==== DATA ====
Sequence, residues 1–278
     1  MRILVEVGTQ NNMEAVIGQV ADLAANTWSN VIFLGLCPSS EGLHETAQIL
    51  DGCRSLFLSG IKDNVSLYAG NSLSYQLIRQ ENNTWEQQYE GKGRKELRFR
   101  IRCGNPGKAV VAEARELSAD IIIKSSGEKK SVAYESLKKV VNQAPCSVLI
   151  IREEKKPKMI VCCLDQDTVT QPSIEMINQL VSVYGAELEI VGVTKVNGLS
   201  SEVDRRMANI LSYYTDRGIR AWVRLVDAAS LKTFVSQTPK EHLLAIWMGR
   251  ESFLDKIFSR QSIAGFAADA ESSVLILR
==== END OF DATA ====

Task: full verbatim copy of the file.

Sequence, residues 1–278
     1  MRILVEVGTQ NNMEAVIGQV ADLAANTWSN VIFLGLCPSS EGLHETAQIL
    51  DGCRSLFLSG IKDNVSLYAG NSLSYQLIRQ ENNTWEQQYE GKGRKELRFR
   101  IRCGNPGKAV VAEARELSAD IIIKSSGEKK SVAYESLKKV VNQAPCSVLI
   151  IREEKKPKMI VCCLDQDTVT QPSIEMINQL VSVYGAELEI VGVTKVNGLS
   201  SEVDRRMANI LSYYTDRGIR AWVRLVDAAS LKTFVSQTPK EHLLAIWMGR
   251  ESFLDKIFSR QSIAGFAADA ESSVLILR